Building good practice plans is vital to being a coach and running a team. The time spent training and being together not only helps player development but also sets the culture of the team.
There are so many factors to consider when creating a practice plan. First, think through the goals you want the players to achieve. Then you want the players to have a good experience.
What makes a Good Practice?
Let’s start with what makes a good practice. So we have all had those players that leave practice and a parent asks them how it was. The dreaded question, and the answer is “it was fine.”
To measure success of practice, focus on what you want to achieve. The goal is for the players to be better both as individuals and as a team. Your practice plan should focus on how to improve player development and performance. So how do you do that.
Building a Practice Plan
It is always good to have a plan of action before you get to practice. This means that you want to plan your practice ahead of time. When I plan practice, I usually break it into 3 chunks:
- Warm ups – this is a very important part of practice. How a group warm-ups, is how they play in a game. If you are lazy with your throws or passing, how are you going to perfect these skills then carry them over to a game. The other benefit of a good warm up is to reduce or limit injuries.
- Stations – this allows some connected themes in smaller groups. If you are trying to focus on shooting, your station can focus on shooting from different angles. It also allows for more touches on the ball. Stations allow for players to be split into smaller groups. Smaller groups allow for more touches. And more touches allow for more development. Strive for drills that can accommodate a certain number of players to limit idle time.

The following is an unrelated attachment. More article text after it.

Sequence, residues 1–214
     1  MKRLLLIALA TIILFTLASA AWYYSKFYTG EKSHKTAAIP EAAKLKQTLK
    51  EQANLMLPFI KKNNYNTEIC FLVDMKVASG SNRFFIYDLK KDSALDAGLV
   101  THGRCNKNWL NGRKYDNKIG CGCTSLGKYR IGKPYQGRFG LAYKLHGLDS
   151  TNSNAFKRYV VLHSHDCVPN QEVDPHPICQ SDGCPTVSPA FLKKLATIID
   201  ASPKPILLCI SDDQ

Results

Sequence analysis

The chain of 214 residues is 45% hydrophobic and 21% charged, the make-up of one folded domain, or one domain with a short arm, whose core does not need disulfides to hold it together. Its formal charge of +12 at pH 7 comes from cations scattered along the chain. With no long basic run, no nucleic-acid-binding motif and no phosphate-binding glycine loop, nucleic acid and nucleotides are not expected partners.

- Game Plan – pull the lessons from your stations into your game drills. This way the players can see how the work prior to the game drills feeds into the bigger picture. It also allows the team to have fun and work together.
We pulled together our list of tips and tricks to build your practice plan.
Tip 1: Make Practice Plans Fun
Yes, you read that correctly. Make practice fun for the players. When players are younger, they want to be competitive and have fun during practice. This could mean mini competitions amongst each other.
Tip 2: Make Warm Up An Important Part of Your Practice Plans
An easy way to ensure you have a good warm up is to do your drills as shuttles. It is an easy way to break into smaller groups and run through a lot of skills quickly. It also allows for many reps, more reps, the more the players develop.
Tip 3: Lots of Touches – Develop Stations
Stations are a great way to break into smaller groups. Being in smaller groups allows more 1:1 work. This helps player development by allowing your coach to be able to focus on what went well and what needs to be tweaked. Stations also keep practice fresh. By changing drills every 10 to 15 mins, you can keep players engaged longer.
Tip 4: Engage Your Coaches & Players
One thing I like to do is get my coaches and players involved in practice plans. Our other coaches like to provide input and some drill ideas to ensure we are all working on things that need developing. It also provides empowerment.
For players, I like to ask what they like about practice and what they don’t like. It helps them feel involved in what we are working on. This also empowers them and helps to move to a player led team.
Tip 5: Provide Specific Feedback in Practice
Has a coach ever said “good game”. And you were like “that was not a good game” or “what does that mean?”. Well, providing specific feedback is so much more helpful. When you structure a solid practice plan, providing specific feedback to players helps development.
We hope that our tips were helpful to easily build a practice plan. We love to get drill ideas from others. Check out YouTube or Instagram for ideas.
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